Nowak notes to the Medical Press that "Previously, we and others have mostly used non-spatial models to study cancer evolution. But those models do not describe the spatial characteristics of solid tumors. Now, for the first time, we have a computational model that can do that."

The research findings of Nowak and his colleagues from the University of Edinburgh and Johns Hopkins University have been published in the renowned Nature magazine.

 

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There has been a shift in the fundamentals of how light waves interact. Scientists at the Technical University of Vienna have succeeded in manipulating the scattering of light waves, and have created a new novel design for undistorted light waves.

Until recently, the paradigm within science has been that when a light wave penetrates a material that it is usually changed drastically. In effect, as soon as a light wave hits an obstacle, its constant intensity is immediately destroyed due to scattering.

This fundamental restriction has now been lifted with the most recent research developments from Vienna. Konstantinos Makris and Stefan Rotter from the Technical University of Vienna working together with Ziad Musslimani from Florida State University, as well Demetrios Christodoulides from the University of Central Florida, have been able to calculate and show materials which allow new kind of light waves to not scatter on its surface. Essentially, these specially designed non-hermitian materials remain completely unperturbed (see Fig. 2).

                      

Fig. 1 - A wave penetrates a material: usually this leads to wave interference, to darker and brighter areas. Source: TU Wien

Fig. 2 - Specially designed non-hermitian materials remain completely unperturbed. Source: TU Wien

 

Makris and Rotters research developments are reminiscent of so-called ‘meta materials’, which have a special structure that allows them to diffract light in unusual ways. In effect, these meta materials allow for the light to bend around the object, so that the object becomes invisible.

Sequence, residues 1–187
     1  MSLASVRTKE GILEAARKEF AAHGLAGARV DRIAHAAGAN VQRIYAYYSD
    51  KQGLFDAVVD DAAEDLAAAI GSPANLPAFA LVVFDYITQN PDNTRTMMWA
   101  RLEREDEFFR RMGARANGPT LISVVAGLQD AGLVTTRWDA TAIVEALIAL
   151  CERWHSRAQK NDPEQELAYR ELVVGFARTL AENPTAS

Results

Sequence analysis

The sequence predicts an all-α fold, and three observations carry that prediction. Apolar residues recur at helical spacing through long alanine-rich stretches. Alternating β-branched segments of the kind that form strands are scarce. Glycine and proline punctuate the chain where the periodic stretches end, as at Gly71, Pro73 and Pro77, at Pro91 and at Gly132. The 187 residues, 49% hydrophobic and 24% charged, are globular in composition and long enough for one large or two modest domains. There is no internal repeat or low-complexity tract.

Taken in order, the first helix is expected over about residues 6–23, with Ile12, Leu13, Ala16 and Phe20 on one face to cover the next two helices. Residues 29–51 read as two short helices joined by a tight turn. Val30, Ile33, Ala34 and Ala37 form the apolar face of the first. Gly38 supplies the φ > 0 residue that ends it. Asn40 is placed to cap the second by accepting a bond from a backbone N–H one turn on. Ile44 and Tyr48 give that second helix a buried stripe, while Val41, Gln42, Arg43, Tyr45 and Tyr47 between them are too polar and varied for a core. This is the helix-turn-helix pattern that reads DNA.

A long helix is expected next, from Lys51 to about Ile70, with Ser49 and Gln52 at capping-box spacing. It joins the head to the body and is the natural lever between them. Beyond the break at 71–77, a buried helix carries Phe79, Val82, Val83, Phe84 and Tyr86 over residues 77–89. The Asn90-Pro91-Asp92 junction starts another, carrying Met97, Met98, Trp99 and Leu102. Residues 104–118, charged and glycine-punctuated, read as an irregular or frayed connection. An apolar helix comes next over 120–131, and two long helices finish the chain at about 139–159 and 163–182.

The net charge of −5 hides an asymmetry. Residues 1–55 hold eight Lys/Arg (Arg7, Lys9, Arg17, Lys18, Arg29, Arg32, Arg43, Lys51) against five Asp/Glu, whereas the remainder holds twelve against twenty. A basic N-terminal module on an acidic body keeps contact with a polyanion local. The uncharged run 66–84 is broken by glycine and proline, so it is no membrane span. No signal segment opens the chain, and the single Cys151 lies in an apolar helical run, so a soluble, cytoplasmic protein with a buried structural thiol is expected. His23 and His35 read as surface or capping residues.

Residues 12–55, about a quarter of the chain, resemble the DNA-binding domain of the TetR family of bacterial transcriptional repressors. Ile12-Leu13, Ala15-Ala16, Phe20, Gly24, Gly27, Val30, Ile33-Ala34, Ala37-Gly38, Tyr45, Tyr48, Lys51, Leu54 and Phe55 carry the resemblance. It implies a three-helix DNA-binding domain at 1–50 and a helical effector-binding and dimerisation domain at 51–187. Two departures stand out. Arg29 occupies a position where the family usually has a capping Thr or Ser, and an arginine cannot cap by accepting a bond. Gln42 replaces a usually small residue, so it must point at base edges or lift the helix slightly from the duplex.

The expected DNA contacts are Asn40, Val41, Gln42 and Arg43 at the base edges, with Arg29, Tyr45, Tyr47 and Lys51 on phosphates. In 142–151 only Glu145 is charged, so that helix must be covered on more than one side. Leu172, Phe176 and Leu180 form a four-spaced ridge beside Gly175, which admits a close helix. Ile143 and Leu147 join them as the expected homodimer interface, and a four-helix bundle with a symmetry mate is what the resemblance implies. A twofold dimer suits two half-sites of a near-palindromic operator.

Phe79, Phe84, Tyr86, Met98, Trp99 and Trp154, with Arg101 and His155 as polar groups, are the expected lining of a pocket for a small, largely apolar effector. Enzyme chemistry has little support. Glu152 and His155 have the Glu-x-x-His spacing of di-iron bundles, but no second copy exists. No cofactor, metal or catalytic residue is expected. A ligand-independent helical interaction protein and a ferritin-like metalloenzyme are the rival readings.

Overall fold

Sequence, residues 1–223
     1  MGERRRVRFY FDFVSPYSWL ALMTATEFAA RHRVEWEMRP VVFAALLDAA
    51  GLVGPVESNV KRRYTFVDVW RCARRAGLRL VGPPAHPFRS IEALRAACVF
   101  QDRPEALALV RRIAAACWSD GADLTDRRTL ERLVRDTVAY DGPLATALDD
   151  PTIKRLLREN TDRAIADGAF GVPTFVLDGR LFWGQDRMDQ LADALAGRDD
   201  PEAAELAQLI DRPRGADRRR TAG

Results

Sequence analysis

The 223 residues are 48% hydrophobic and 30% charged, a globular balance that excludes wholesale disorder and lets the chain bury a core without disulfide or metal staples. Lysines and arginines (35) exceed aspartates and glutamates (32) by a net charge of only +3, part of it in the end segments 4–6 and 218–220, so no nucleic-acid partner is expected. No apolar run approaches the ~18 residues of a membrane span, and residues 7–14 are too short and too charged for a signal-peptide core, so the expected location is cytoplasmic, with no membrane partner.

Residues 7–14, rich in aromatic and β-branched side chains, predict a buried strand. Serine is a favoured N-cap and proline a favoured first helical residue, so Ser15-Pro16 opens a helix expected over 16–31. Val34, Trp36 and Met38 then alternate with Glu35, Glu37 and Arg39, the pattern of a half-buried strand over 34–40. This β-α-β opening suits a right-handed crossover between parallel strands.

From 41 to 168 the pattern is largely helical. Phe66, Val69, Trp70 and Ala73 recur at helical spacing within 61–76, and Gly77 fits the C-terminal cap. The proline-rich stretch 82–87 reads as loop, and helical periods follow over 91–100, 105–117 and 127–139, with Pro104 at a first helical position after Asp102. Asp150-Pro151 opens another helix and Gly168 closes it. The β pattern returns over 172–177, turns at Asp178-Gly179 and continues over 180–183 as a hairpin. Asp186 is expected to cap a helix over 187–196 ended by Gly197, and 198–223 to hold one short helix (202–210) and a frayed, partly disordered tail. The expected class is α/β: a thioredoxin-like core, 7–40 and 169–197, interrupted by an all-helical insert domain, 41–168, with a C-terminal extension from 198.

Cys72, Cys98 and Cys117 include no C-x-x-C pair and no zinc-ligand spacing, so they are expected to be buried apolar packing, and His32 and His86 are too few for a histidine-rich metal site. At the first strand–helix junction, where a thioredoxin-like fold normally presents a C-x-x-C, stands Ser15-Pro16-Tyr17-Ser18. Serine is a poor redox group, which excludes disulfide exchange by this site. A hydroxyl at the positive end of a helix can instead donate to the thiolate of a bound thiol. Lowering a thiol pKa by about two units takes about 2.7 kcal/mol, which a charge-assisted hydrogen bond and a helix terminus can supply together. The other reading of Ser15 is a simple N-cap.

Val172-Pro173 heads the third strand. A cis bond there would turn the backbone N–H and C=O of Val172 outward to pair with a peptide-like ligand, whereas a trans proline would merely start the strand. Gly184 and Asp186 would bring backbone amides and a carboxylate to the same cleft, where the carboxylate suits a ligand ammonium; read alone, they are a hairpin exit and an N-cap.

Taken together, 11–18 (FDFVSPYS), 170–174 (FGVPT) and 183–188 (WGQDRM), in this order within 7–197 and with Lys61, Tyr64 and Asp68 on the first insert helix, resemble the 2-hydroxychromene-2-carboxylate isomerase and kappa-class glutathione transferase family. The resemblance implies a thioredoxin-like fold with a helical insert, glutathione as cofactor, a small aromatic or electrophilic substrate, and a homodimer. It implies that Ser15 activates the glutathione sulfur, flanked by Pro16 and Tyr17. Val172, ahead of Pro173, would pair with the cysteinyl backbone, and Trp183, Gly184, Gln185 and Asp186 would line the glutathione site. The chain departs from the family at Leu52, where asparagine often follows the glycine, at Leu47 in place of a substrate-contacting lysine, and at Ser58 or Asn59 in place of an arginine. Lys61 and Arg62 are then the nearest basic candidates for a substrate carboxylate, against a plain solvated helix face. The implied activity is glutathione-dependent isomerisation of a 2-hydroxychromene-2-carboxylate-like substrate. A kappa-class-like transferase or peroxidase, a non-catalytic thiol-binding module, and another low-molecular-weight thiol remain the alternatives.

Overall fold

Makris notes that the “…the material is completely invisible to the wave, even though the light passes through the material and interacts with it.”

Routine fabrication of meta materials is still not in sight, however, the research conducted at TU Vienna, has enabled the advance of invisible meta materials, which will certainly find applications in many industry fields.

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Posted by on in Moves & Milestones

Cruising along America’s shores, and lakes in a boat might be the quintessential American summer experience, however, 17 million recreational boats have taken their ecological toll on the US in the past decades.

In order to counteract these negative externalities, the Department of Energy’s Argonne National Laboratory has teamed with marine industry partners such as Bombardier Recreational Products to investigate alternative fuels for recreational marine applications.

Past recommendations would have been to increase ethanol levels in fuel mixes. This advise, however, is ill suited for the recreational marine industry, due to the nature of motor boats, ethanol attracting water, potentially allow surrounding water to enter fuel tanks and affect the engines performance.

Thomas Wallner, Austrian scientist, research engineer, and Principal Investigator at Argonne’s Center for Transportation Research has therefore researched, identified, and advocated for the use of butanol, which unlike ethanol does not attract water, and does not harm the engine.

Wallner stresses that “Butanol at 16 percent blend level works as well as ethanol at 10 percent under tested conditions.” In effect, after years of testing the National Marine Manufacturers Association (NMMA) has approved this new butanol fuel, which seeks to substitute the ecologically more harmful 10-15% ethanol fuel blends.

Your guilt free boat cruise can start now!